Reporting and Analyzing Inventories



Reporting Inventories

Inventory is an asset and its ending balance should be reported as a current asset on the balance sheet.

Learning Objectives

Describe how a company reports inventory on the financial statements

Key Takeaways

Key Points

  • In a business accounting context, the word inventory is used to describe the goods and materials that a business holds for the ultimate purpose of resale.
  • Companies must choose a method to track inventory.
  • The change in inventory is a component of in the calculation of cost of goods sold, which is reported on the income statement.

Key Terms

  • inventory: Inventory includes goods ready for sale, as well as raw material and partially completed products that will be for sale when they are completed.

Inventory

In a business accounting context, the word inventory is used to describe the goods and materials that a business holds for the ultimate purpose of resale.

Inventory Accounting Systems

Companies must choose a method to track inventory. There are ways to account for inventory, periodic and perpetual. The perpetual inventory system requires accounting records to show the amount of inventory on hand at all times. It maintains a separate account in the subsidiary ledger for each good in stock, and the account is updated each time a quantity is added or taken out.

In the periodic inventory system, sales are recorded as they occur but the inventory is not updated. A physical inventory must be taken at the end of the year to determine the cost of goods.

Regardless of what inventory accounting system is used, it is good practice to perform a physical inventory at least once a year.

Reporting Inventory

Inventory itself is not an income statement account. Inventory is an asset and its ending balance should be reported as a current asset on the balance sheet. However, the change in inventory is a component of in the calculation of cost of goods sold, which is reported on the income statement.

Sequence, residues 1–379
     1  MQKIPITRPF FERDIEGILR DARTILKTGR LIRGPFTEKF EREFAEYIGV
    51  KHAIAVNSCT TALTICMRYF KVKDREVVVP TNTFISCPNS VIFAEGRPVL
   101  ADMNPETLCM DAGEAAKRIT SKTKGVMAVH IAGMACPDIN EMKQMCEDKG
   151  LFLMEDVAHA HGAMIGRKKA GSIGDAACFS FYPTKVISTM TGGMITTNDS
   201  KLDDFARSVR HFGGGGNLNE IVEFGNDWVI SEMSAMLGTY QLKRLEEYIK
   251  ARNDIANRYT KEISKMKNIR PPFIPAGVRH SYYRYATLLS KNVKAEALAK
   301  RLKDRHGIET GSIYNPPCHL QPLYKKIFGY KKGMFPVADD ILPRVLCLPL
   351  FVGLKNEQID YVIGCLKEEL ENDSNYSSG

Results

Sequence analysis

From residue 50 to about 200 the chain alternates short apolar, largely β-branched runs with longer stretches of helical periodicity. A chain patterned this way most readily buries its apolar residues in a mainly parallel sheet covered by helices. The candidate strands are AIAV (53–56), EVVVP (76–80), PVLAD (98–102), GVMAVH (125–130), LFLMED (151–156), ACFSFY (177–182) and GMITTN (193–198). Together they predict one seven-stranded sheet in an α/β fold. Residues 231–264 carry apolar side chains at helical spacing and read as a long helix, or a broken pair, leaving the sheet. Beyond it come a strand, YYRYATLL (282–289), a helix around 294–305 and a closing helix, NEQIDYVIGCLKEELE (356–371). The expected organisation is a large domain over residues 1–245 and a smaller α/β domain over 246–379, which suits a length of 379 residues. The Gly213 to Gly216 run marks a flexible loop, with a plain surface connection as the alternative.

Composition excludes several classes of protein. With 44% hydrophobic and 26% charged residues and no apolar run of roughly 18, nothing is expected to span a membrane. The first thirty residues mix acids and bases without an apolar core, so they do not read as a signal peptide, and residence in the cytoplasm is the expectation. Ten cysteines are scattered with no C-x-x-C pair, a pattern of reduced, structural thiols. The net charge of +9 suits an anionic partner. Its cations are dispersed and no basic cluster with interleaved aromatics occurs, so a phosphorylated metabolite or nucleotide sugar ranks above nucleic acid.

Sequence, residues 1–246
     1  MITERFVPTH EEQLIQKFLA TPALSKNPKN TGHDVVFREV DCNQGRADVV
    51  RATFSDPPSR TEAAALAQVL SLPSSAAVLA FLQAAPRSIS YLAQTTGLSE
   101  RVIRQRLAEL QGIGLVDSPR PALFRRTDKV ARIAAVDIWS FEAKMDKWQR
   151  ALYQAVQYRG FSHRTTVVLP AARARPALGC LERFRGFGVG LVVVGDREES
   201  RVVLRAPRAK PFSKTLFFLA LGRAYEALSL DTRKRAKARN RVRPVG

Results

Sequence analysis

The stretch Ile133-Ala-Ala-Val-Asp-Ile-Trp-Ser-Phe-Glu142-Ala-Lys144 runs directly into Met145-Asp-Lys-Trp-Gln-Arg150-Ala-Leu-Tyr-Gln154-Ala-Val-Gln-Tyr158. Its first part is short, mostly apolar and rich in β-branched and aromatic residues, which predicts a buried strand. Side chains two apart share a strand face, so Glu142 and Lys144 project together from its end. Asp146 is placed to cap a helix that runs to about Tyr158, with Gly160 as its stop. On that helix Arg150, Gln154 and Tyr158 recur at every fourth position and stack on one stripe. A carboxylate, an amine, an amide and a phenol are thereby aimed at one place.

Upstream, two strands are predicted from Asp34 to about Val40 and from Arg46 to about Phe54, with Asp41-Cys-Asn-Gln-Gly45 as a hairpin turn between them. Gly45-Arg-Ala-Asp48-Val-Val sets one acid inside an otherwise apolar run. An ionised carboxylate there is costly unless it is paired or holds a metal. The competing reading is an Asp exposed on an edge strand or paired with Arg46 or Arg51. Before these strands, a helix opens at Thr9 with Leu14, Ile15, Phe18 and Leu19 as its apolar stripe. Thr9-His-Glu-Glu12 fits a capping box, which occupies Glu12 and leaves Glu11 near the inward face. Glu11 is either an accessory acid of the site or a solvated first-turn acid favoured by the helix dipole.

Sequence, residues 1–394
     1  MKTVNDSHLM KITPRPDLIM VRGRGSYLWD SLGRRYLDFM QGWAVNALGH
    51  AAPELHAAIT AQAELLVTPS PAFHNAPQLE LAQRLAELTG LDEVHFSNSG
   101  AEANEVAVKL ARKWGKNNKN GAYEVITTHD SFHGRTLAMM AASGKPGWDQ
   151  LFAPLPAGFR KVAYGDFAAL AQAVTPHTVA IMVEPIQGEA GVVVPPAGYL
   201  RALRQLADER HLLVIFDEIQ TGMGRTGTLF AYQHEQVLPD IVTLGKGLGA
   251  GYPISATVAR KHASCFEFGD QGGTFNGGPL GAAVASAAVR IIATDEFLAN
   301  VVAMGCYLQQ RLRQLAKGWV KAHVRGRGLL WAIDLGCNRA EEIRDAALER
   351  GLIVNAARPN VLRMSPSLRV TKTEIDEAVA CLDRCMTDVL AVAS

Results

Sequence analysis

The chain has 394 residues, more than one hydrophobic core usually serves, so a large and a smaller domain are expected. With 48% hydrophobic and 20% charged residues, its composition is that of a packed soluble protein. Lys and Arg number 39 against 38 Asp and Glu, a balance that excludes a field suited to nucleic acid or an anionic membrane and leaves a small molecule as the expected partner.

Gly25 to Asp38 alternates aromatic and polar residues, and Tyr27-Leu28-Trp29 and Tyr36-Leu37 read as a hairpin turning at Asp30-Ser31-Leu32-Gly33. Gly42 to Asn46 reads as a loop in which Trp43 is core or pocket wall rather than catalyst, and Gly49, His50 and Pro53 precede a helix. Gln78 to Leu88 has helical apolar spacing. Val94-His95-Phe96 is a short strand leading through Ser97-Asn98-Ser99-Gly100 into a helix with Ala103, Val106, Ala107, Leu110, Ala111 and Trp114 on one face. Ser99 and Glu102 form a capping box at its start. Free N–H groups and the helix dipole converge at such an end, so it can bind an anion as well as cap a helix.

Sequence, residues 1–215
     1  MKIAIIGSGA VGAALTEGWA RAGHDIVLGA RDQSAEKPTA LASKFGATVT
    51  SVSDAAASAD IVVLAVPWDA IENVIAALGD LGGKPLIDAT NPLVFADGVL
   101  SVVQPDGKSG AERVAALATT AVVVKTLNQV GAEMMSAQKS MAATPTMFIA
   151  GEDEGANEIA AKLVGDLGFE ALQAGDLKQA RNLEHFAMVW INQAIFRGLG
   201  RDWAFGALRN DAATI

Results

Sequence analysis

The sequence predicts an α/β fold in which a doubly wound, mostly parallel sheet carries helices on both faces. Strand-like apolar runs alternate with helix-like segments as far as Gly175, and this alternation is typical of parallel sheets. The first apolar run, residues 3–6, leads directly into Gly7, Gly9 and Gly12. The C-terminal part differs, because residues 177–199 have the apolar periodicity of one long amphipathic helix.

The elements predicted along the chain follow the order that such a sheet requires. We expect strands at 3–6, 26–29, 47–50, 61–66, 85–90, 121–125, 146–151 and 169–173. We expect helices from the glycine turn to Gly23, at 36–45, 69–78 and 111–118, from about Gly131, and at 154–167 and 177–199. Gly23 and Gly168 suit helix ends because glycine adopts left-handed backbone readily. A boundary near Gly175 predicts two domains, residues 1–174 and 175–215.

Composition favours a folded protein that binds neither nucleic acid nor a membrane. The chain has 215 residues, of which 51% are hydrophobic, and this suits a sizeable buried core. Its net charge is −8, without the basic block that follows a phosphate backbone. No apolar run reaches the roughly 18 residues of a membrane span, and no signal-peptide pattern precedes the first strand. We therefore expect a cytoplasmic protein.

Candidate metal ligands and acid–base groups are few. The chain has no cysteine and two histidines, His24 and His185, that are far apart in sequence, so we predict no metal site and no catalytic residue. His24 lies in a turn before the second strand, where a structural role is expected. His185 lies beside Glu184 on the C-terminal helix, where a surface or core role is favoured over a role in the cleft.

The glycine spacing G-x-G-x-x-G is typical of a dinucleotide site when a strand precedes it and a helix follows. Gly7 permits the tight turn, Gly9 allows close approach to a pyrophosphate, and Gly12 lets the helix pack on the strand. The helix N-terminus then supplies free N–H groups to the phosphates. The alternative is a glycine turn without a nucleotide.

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Inventory: Inventory appears as an asset on the balance sheet.

Depending on the format of the income statement it may show the calculation of Cost of Goods Sold as Beginning Inventory + Net Purchases = Goods Available – Ending Inventory. In that situation the beginning and ending inventory does appear on the income statement.

Inventory Turnover Ratio

Inventory turnover is the measure of the number of times inventory is sold or used in a time period such as a year.

Learning Objectives

Explain how a company would calculate their inventory turnover ratio

Key Takeaways

Key Points

  • The equation for inventory turnover is the cost of goods sold (COGS) divided by the average inventory.
  • A low turnover rate may point to overstocking, obsolescence, or deficiencies in the product line or marketing effort.
  • A high turnover rate may indicate inadequate inventory levels, which may lead to a loss in business as the inventory is too low.

Key Terms

  • turnover: The number of times a stock is replaced after being used or sold, a worker is replaced after leaving, or a property changes hands
  • COGS: COGS (cost of goods sold) is the inventory costs of those goods a business has sold during a particular period.
  • liquidity: An asset’s property of being able to be sold without affecting its value; the degree to which it can be easily converted into cash.

Inventory Turnover Defined

In accounting, the inventory turnover is a measure of the number of times inventory is sold or used in a time period such as a year. This ratio tests whether a company is generating a sufficient volume of business based on its inventory. The equation forinventory turnover is the cost of goods sold (COGS) divided by the average inventory. Inventory turnover is also known as inventory turns, stockturn, stock turns, turns, and stock turnover.

Businesses need to manage their inventories.: Here a woman is checking stock of certain items to maintain an accurate record for dollars of inventory in stock.

Significance Of Turnover Rates

The turnover rate has several significant implications:

  • Inventory turnover measures the efficiency of the firm in managing and selling inventory: thus, it gauges the liquidity of the firm’s inventory.